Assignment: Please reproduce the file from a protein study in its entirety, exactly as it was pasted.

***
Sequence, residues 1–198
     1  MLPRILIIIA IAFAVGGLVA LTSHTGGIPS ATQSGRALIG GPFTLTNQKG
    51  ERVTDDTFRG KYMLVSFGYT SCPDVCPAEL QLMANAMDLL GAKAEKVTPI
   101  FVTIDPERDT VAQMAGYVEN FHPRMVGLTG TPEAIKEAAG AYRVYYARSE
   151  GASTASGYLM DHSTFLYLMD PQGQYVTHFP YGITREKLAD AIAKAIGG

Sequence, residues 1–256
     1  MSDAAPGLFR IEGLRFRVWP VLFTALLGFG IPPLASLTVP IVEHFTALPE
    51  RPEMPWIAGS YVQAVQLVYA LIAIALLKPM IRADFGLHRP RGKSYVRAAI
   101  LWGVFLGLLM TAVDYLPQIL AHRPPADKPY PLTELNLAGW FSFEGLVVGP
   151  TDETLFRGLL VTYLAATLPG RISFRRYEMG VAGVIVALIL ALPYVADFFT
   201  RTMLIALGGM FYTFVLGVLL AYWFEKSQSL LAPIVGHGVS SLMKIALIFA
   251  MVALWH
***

Sequence, residues 1–198
     1  MLPRILIIIA IAFAVGGLVA LTSHTGGIPS ATQSGRALIG GPFTLTNQKG
    51  ERVTDDTFRG KYMLVSFGYT SCPDVCPAEL QLMANAMDLL GAKAEKVTPI
   101  FVTIDPERDT VAQMAGYVEN FHPRMVGLTG TPEAIKEAAG AYRVYYARSE
   151  GASTASGYLM DHSTFLYLMD PQGQYVTHFP YGITREKLAD AIAKAIGG

Sequence, residues 1–256
     1  MSDAAPGLFR IEGLRFRVWP VLFTALLGFG IPPLASLTVP IVEHFTALPE
    51  RPEMPWIAGS YVQAVQLVYA LIAIALLKPM IRADFGLHRP RGKSYVRAAI
   101  LWGVFLGLLM TAVDYLPQIL AHRPPADKPY PLTELNLAGW FSFEGLVVGP
   151  TDETLFRGLL VTYLAATLPG RISFRRYEMG VAGVIVALIL ALPYVADFFT
   201  RTMLIALGGM FYTFVLGVLL AYWFEKSQSL LAPIVGHGVS SLMKIALIFA
   251  MVALWH